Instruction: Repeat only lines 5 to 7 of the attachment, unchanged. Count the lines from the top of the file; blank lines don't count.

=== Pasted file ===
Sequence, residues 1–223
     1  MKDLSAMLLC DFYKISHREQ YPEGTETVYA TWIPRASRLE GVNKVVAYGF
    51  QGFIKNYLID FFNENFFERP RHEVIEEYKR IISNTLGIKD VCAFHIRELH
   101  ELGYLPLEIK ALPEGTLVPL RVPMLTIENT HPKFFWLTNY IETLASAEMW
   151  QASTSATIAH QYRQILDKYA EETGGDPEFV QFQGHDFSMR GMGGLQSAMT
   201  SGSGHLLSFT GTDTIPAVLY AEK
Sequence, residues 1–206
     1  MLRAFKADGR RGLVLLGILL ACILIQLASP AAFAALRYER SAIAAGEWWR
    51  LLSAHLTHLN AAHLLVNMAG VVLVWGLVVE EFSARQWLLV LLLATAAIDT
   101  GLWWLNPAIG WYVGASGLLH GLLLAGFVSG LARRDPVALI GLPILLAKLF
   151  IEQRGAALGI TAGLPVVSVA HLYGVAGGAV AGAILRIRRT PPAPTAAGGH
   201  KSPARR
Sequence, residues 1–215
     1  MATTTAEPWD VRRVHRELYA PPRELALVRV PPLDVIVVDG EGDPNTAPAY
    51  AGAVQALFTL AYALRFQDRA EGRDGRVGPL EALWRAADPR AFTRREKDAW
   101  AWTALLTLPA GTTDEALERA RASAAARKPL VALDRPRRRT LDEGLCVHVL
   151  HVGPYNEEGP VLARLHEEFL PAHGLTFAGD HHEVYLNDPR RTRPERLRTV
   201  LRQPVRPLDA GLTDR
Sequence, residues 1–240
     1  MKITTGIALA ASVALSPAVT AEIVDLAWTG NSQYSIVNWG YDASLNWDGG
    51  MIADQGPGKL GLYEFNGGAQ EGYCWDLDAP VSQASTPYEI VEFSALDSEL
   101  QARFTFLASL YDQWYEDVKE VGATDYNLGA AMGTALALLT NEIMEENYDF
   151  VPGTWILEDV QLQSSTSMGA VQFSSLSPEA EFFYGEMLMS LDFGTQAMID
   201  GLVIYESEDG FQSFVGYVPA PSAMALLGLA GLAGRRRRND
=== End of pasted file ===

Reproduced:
   151  QASTSATIAH QYRQILDKYA EETGGDPEFV QFQGHDFSMR GMGGLQSAMT
   201  SGSGHLLSFT GTDTIPAVLY AEK
Sequence, residues 1–206